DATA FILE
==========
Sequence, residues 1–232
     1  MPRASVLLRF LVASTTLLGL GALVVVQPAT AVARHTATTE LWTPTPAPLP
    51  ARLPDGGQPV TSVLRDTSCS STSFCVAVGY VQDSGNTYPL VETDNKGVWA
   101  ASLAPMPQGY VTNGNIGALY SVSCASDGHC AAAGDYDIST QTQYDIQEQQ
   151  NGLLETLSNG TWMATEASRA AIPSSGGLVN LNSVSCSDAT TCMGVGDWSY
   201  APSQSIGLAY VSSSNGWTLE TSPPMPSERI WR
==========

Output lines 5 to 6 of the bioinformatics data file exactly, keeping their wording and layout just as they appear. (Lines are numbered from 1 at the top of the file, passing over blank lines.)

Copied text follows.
   151  NGLLETLSNG TWMATEASRA AIPSSGGLVN LNSVSCSDAT TCMGVGDWSY
   201  APSQSIGLAY VSSSNGWTLE TSPPMPSERI WR